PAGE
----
- Several African nations gain sovereignty from the United Kingdom and others who have previously established independence ratify their very 1st constitutions. An alliance of African nations is formed.
Entertainment & Pop Culture
- I didn’t find any one of authority making note of it when I did my bit of research for this, but the whole concept of “pop culture” seems to have really taken mainstream root by 1963. For example…Artists Andy Warhol and Jasper Johns gain national notoriety that year.
- UK Prime Minister Profumo sex scandal broke. I classify this under pop culture/entertainment because, in my opinion, while satirizing political figures has always and ever been entertaining throughout the ages, this scandal might mark the beginning of our modern notion that public figures are fodder for entertainment rags as much as movie/TV /sports celebrities.
- The term “Beatlemania” is coined by some clever reporter in the British press. The Beatles release “Please Please Me,” “Ask Me Why,” “I Want to Hold Your Hand,” and “I Saw Her Standing There,” all of which become instant hits, sending the pop quartet into the studio to tape 10 tracks for their first album.
- Not far behind are The Rolling Stones, who release their first single, “Come on,” marking a hard line in the sand between the more jazz-inspired be-bop and blues/gospel inspired rock-n-roll.
- Peter, Paul & Mary win their first Grammy for “If I Had a Hammer.”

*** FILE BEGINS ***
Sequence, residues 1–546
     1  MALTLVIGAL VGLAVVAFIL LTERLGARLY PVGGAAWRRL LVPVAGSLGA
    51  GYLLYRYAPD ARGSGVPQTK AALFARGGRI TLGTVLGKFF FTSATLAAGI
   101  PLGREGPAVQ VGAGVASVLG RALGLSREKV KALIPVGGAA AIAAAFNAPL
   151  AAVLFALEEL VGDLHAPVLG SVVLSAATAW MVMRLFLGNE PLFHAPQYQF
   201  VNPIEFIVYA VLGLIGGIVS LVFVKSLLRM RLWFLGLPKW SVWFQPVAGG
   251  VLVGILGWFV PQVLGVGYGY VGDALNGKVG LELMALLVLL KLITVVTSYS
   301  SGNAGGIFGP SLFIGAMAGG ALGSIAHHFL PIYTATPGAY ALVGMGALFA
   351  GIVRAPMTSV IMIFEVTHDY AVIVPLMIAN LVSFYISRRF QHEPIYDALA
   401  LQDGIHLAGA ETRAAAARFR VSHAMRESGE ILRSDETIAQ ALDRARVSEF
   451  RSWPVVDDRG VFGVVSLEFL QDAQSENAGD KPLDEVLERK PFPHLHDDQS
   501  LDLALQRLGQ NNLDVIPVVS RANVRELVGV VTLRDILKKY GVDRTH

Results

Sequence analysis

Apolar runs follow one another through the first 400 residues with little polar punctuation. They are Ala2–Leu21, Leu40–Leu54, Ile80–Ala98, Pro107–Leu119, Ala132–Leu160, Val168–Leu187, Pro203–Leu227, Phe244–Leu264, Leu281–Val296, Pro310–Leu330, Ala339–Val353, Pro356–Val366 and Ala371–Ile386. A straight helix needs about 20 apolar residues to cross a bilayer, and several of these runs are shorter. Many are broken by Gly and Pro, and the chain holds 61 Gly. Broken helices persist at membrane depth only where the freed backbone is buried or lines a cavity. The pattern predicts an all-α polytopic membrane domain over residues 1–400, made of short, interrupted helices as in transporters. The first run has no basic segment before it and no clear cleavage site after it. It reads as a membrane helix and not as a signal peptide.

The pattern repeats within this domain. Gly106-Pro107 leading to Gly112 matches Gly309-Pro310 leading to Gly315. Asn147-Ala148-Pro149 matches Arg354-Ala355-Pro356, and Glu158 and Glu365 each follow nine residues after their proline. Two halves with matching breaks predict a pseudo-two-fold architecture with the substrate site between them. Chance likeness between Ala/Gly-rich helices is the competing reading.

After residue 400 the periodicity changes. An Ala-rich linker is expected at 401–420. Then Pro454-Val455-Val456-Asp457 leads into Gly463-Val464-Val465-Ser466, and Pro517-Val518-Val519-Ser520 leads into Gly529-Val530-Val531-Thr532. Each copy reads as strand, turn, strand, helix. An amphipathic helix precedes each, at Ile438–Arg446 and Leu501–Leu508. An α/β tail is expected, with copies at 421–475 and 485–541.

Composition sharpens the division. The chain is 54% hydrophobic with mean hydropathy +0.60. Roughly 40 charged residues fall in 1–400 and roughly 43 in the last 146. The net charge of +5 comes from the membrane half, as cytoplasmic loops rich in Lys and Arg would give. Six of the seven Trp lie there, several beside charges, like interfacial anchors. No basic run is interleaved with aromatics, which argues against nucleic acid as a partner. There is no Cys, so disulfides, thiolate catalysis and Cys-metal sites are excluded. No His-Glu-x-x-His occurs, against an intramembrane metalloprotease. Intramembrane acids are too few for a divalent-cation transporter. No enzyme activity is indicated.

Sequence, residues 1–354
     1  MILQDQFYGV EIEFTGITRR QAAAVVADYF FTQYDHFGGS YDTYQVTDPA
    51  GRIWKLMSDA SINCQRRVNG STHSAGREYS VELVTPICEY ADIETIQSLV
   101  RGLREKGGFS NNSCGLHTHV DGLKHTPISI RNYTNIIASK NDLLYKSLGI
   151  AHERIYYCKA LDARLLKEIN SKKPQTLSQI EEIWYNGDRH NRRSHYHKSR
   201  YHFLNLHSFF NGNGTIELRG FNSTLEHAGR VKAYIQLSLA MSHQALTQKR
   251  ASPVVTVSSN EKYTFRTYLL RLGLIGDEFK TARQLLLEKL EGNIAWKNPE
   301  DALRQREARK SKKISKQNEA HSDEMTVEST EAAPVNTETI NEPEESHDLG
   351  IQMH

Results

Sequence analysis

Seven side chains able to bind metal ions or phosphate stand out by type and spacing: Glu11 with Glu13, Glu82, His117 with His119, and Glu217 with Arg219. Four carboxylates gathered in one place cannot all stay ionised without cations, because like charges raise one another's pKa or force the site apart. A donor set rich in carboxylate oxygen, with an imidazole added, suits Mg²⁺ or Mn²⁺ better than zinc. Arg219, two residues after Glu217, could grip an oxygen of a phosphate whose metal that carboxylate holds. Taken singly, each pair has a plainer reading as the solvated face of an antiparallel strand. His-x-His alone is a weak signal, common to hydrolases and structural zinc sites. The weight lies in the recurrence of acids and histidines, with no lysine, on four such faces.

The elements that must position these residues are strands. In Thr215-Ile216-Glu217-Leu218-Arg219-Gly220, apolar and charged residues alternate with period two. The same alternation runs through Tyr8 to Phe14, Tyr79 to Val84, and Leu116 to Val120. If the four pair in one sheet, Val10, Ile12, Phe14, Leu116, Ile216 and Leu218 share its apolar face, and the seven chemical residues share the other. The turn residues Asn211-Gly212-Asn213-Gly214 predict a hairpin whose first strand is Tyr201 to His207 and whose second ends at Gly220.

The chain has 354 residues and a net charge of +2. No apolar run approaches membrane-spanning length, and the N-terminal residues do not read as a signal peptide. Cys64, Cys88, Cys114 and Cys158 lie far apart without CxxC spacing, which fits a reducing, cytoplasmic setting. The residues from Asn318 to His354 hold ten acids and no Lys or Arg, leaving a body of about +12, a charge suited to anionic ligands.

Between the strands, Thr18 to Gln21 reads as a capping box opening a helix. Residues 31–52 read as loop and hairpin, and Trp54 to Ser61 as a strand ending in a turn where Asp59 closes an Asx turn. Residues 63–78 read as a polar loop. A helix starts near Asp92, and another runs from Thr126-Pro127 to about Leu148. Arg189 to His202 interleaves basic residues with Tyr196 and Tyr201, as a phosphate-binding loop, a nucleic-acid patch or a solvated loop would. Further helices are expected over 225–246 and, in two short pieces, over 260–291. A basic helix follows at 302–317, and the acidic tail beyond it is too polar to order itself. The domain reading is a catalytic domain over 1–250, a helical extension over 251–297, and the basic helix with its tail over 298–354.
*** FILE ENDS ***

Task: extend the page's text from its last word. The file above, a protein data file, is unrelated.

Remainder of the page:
- Kingsmen release “Louie, Louie,” and some radio stations label it as obscene.
- Jerry Garcia & Bob Weir played music together for the first time at a New Year’s Eve party (just squeaking in on 1963, assuming they were jamming before the stroke of midnight, of course).
- The Freewheelin’ Bob Dylan is Dylan’s second studio album, and most influential, opening with the song “Blowin’ in the Wind.” That year he appears on the Ed Sullivan show and infamously walks off stage during the broadcast.
- Jazz starts in earnest to move away its “popular” classification during its first 50 years. Thelonious Monk releases “Monk In Tokyo,” which was called “rough, raw, and punchy” by critics.
- MOVIES RELEASED: The Birds and Dr. No (in US), Cleopatra, The Longest Day, Lawrence of Arabia, Mutiny on the Bounty, To Kill a Mockingbird, 8 1/2 , The Great Escape, It’s a Mad, Mad, Mad, Mad World, Lilies of the Field, The Nutty Professor,The Pink Panther, Tom Jones.
- Tetsuwan Atomu (Astro Boy), Japan’s first serialized animated series is broadcast.
- TELEVISION DEBUTS: Mutual of Omaha’s Wild Kingdom, General Hospital, My Favorite Martian, 77 Sunset Strip, McHale’s Navy, The Fugitive, Petticoat Junction, Let’s Make A Deal, Julia Child’s The French Chef. The first episode of the BBC television series Doctor Who is broadcast and American Bandstand moves to California and starts airing once a week. CBS & NBC expand network news from 15 to 30 minutes. WCTI TV (ABC) begins broadcasting.
- BOOKS PUBLISHED: In the Clearing by Robert Frost, The Guns of August by Barbara Tuchman, The Spy Who Came in from the Cold by John Le Carré; The American Way of Death by Jessica Mitford, The Bell Jar by Sylvia Plath (who also commits suicide 1963), Happiness is a Warm Puppy by Charles M. Schulz, Cat’s Cradle by Kurt Vonnegut, and most notably, The Feminine Mystique by Betty Friedan.